For nearly 30 years I was an active, practicing, down in the trenches, criminal defense trial lawyer. I loved it.
I worked in a place were I could grow as a lawyer, learn the law, practice the theater of trial and, on many occasions, help people. I had support and assistance when I needed it and the room to make my courtroom style my own.
Aside from helping people through a process they didn’t understand presented to them in a language that was foreign to them (I do believe that legalize is a separate and recognizable language), I was protecting the rights given to each and every person on United States soil.
I tried well over 300 cases. Some were court trials but most were trials before a jury. I use to tell my clients that I had tried everything from illegal fishing in a canal to capital murder. And I had.
The question I got most often (and still do) is “How can you defend a person you know is guilty ?”. Here are the answers.
1. I don’t know that the person I represent is guilty of the crime charged. I wasn’t there. I am not omniscient nor omnipresent. (Semi-snarky response)
2. Please read the United States Constitution. Then read the Constitution of your State. (Snarky response)
3. Every person charged by the government with a crime that could result in the loss of physical freedom is ENTITLED to a vigorous defense. My reasoning is in 2 above and supported by the United States Supreme Court in Gideon v Wainwright, http://www.uscourts.gov/educational-resources/educational-activities/facts-and-case-summary-gideon-v-wainwright (Calmer, legally based reasoning)
4. It’s a Constitution, stupid! (exasperated, snarky response when the questioner says, “But what about?”)
—While I am on the subject, there is no such thing as a legal technicality. The law is what legislatures put in the various codes (US Codes, State Codes) and regulations (promulgated by agencies empowered by the legislatures to implement the Codes.) The interpretation of that law is up to the Courts.—
If the facts of a case required me to negotiate a lesser sentence then that is what I would do. EVERY PERSON on United States soil is entitled to a vigorous defense. That includes using my skills to get the least sentence possible. That always depends on the facts of the case and the background information that led to the situation that caused my client to be my client. It is NOT a technicality to consider a person’s mental capacities or their mental health.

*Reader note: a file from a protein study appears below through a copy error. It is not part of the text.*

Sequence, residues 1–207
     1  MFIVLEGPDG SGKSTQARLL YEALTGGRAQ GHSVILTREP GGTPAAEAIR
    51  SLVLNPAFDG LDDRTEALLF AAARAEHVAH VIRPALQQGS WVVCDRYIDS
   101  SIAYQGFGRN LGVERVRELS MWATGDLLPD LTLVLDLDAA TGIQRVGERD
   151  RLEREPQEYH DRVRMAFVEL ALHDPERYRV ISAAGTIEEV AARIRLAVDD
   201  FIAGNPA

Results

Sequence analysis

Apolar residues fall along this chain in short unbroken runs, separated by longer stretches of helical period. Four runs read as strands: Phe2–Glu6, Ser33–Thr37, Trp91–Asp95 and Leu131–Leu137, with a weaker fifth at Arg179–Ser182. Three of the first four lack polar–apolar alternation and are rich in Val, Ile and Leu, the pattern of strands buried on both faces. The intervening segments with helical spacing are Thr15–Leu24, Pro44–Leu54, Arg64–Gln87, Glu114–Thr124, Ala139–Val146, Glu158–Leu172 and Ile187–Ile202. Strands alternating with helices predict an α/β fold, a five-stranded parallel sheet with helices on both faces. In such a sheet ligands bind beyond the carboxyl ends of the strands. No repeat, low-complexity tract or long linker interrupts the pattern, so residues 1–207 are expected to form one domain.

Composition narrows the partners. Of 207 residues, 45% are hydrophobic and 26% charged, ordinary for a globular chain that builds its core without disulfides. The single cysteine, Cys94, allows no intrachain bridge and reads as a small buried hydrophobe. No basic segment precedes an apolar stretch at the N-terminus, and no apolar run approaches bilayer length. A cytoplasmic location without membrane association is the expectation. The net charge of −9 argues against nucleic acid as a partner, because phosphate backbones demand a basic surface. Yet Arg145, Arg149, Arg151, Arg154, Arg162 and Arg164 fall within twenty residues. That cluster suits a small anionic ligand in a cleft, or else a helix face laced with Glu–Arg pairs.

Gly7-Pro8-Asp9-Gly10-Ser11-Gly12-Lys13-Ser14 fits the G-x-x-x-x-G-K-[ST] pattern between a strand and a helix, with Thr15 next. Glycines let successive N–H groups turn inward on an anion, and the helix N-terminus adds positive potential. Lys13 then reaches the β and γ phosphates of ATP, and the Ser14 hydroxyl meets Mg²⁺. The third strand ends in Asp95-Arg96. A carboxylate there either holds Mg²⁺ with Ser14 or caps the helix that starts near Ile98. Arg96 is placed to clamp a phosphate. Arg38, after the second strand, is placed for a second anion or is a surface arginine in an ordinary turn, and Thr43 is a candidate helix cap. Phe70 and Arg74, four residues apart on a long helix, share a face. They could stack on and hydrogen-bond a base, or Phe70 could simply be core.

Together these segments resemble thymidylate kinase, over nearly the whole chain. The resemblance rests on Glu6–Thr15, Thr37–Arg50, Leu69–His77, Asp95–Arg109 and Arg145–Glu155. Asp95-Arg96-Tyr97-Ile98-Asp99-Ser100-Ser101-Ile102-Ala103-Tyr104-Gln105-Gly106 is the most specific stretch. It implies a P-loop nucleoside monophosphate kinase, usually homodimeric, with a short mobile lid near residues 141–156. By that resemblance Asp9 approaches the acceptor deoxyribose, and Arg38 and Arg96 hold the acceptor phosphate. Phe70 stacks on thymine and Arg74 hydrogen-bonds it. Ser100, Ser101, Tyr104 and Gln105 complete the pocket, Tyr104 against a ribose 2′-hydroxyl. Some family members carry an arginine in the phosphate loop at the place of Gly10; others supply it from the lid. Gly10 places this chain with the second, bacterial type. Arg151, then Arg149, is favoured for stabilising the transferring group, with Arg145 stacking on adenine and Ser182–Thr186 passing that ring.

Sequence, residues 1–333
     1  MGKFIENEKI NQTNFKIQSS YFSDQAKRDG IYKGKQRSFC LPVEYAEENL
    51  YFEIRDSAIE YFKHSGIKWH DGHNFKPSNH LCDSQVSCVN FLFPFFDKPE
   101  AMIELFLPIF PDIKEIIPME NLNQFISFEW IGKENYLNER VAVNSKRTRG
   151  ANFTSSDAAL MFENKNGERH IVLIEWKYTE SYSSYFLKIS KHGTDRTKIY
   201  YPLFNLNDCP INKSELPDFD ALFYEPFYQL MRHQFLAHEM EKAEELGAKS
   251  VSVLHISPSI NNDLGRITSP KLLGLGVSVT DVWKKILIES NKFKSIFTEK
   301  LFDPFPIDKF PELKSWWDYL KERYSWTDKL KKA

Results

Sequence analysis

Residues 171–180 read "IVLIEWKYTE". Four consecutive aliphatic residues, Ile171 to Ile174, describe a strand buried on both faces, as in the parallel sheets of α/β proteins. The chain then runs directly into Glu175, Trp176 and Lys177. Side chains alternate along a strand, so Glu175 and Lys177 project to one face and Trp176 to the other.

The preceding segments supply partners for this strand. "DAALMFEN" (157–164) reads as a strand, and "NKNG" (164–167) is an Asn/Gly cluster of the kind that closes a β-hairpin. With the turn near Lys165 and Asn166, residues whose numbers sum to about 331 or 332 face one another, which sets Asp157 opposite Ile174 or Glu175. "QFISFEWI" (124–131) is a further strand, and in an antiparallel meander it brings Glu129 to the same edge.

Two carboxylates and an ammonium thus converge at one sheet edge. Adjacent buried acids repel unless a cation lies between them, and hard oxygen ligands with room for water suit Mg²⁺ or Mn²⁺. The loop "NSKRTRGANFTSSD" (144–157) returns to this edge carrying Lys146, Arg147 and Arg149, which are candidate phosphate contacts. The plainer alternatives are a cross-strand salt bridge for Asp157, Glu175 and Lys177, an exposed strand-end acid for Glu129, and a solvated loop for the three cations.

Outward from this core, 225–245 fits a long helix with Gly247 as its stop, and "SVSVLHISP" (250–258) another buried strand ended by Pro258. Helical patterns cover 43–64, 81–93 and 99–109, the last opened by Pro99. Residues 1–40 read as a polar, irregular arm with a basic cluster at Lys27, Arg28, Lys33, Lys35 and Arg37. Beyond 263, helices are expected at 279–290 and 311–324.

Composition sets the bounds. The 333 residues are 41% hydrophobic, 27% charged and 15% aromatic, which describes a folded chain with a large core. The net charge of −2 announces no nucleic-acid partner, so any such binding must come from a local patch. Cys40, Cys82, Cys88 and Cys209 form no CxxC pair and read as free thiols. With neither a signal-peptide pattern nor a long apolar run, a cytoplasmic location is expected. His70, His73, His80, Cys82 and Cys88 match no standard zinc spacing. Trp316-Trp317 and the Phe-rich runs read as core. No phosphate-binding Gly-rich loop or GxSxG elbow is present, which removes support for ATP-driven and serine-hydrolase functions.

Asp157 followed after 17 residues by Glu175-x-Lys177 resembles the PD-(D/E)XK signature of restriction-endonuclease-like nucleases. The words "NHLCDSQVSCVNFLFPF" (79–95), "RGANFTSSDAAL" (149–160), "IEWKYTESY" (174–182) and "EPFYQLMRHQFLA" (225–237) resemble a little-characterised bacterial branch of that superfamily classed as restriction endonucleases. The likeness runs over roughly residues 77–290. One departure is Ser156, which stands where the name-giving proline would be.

Were my clients guilty?
I didn’t know and I didn’t care.
Did I have an opinion? Yes
Was it relevant to my job? No
I was there to speak for one person, guilty or not. I was there to make sure that the evidence meet the standard of beyond a reasonable doubt. I was there to make sure that all the law enforcement was done properly–that civil rights were not violated and legal standards were maintained.
I was there to make sure that everyone else did their job properly and with the Constitution as the guiding light. I was, in a very true sense, the last bastion against the power of the government.
(Don’t worry. There were LOTS of people making sure I do my job properly with that same guiding light.)
Just to make my point, I will indulge in a bit of a war story. I have used no names and left out identifying information to protect confidentiality. (Tom Cruise was correct when he stated that anything his clients told him would go with him to his grave. Think “The Firm”)
A single piece of evidence supported the District Attorney’s assertion that my client (who was incarcerated) was violent. It was an internal report from the incarcerating facility. It had the name of the offender and their “number” listed at the top. The body of the report did not state a name. It used the noun “inmate”. Under cross-examination the psychologist giving the opinion that the client was violent stated that he relied entirely on the report. When asked, he read the name of the offender and the offender’s number from the report. Neither one matched my client. Whoops!
The verdict was NOT guilty.
As Voltaire wrote, “that generous Maxim, that ’tis much more Prudence to acquit two Persons, tho’ actually guilty, than to pass Sentence of Condemnation on one that is virtuous and innocent.—Zadig, chapter 6, p. 53 (1749, reprinted 1974).
And Sir William Blackstone echoed the principle in his Commentaries on the Laws of England, 9th ed., book 4, chapter 27, p. 358 (1783, reprinted 1978), “For the law holds, that it is better that ten guilty persons escape, than that one innocent suffer.”
That is why I did what I did for so many years.